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Title: Enhancing the Ability of Pervious Concrete to Remove Heavy Metals from Stormwater
Catastrophic release of heavy metals from the King River mine in Colorado and the Minas Gerais dam in Brazil have brought to the forefront the importance of contaminant stabilization and remediation in surface waters. Permeable reactive materials are currently utilized for the remediation of heavy metals and other pollutants by employing reactive media to remove contaminants. This research investigated the use of fly ashes with loss on ignition or sulfur trioxide exceeding ASTM C618 limits to enhance pollutant removal in pervious concrete. The high carbon and sulfur contents of the noncompliant fly ashes provide additional capacity to remove lead, cadmium, and zinc. High-sulfur and high-carbon fly ashes were less effective in metal removal at higher metal concentrations but improved removal at lower concentrations. These results suggest pervious concrete can be designed as an effective remedial technique for use in many infrastructure applications, including beneath permeable pavement, permeable asphalt, revetment, permeable shoulders, gabions for slope stability, mine tailing dams, and emergency surface water cleanup.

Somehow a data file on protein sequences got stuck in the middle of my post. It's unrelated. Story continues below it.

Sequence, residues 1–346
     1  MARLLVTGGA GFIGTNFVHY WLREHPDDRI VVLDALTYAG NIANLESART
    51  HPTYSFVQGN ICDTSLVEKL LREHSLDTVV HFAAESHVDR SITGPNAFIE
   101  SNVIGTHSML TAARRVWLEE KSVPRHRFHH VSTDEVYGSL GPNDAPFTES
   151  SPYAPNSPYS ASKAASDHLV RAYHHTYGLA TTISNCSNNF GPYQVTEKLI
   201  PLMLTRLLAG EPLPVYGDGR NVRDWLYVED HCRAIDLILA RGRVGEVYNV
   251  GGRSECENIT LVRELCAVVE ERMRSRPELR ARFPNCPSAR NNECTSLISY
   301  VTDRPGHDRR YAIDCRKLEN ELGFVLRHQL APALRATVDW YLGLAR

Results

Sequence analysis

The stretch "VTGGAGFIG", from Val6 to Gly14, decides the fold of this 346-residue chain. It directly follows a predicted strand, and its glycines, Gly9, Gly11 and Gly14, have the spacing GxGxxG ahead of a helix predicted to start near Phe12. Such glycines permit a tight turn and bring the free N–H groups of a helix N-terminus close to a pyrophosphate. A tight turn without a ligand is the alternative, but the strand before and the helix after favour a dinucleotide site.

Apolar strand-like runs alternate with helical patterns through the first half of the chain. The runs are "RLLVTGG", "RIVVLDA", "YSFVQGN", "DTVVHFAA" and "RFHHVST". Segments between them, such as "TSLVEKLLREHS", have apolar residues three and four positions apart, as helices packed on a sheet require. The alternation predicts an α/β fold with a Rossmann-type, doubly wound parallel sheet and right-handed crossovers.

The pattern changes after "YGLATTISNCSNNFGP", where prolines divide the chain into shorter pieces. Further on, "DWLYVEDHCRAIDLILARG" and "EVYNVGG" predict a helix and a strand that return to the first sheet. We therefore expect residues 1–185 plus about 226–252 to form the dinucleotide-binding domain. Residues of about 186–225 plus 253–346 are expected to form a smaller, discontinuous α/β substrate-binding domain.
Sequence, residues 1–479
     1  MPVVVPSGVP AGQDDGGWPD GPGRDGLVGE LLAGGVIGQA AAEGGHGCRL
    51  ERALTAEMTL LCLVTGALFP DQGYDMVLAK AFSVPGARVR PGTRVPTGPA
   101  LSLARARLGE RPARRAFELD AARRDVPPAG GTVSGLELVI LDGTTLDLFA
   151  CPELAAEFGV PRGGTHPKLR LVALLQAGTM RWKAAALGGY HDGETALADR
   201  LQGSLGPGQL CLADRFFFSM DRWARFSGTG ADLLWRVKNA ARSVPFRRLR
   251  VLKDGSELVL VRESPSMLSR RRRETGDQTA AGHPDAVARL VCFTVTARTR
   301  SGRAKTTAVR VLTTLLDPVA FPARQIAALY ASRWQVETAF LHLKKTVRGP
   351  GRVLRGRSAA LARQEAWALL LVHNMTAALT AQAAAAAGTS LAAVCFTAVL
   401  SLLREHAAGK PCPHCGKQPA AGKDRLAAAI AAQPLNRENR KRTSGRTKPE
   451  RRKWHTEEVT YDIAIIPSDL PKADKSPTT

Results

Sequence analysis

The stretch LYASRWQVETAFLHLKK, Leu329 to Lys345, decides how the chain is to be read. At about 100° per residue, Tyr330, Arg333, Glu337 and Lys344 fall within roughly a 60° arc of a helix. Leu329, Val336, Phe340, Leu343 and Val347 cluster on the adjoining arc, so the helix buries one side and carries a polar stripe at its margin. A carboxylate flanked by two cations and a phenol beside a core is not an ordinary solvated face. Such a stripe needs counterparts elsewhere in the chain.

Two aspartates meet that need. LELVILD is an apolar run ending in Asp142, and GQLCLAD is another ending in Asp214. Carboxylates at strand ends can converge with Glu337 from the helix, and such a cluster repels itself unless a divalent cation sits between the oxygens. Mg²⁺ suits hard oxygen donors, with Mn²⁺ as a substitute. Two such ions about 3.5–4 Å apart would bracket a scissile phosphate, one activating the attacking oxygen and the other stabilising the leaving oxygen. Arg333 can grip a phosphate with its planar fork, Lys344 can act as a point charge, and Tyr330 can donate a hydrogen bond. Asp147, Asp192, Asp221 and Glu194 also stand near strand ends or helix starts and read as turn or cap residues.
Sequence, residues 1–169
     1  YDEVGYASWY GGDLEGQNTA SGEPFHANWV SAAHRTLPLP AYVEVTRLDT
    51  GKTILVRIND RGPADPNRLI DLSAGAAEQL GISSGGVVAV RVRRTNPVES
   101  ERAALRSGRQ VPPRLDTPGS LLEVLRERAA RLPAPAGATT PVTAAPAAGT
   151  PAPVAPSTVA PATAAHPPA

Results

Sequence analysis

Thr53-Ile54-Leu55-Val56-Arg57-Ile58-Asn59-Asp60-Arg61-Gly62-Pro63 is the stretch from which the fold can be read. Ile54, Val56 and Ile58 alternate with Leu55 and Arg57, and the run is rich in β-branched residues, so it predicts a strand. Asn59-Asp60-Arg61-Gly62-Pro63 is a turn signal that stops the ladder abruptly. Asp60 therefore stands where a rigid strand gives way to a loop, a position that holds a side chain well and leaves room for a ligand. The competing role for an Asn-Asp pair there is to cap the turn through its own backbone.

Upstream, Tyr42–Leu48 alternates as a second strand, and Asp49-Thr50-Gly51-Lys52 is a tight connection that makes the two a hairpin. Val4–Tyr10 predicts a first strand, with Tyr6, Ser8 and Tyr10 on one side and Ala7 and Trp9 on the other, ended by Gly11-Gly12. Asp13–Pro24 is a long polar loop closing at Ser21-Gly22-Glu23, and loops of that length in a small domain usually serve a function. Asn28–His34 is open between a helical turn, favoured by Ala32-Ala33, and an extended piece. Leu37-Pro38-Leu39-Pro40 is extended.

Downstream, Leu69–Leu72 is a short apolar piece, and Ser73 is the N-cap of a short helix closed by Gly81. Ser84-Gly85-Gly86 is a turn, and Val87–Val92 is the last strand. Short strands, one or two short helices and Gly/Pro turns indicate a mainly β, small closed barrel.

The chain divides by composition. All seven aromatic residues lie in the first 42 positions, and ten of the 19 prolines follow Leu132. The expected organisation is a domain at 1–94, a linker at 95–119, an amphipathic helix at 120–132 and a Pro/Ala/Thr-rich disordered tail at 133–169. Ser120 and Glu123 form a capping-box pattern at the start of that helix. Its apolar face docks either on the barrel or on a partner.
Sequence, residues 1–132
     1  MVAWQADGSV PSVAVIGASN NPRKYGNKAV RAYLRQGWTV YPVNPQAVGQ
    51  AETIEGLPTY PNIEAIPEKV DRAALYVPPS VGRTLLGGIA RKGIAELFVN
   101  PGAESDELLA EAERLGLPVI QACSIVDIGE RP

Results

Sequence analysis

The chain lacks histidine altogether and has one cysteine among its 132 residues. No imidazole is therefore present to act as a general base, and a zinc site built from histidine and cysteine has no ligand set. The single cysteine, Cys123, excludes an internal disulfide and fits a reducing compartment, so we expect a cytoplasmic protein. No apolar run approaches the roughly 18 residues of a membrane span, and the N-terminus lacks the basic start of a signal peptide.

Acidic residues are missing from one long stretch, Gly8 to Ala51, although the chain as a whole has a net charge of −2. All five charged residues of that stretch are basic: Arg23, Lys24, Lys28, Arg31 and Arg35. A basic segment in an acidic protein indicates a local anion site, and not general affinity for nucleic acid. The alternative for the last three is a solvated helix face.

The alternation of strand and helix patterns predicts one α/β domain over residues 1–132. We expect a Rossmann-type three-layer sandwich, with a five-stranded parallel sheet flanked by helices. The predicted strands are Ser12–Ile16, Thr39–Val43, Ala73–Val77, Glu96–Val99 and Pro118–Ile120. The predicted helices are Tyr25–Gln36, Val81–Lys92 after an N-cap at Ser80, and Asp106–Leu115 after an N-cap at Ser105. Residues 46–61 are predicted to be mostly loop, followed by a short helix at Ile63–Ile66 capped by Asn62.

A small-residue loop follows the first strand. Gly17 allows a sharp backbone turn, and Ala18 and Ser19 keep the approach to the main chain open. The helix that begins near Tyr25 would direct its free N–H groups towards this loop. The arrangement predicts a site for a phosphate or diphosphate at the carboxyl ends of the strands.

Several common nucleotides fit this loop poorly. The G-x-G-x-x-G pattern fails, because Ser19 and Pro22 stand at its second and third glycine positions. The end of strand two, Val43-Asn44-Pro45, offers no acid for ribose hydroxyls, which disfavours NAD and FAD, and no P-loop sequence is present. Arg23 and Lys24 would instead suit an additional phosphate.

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Journal of sustainable water in the built environment
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National Science Foundation
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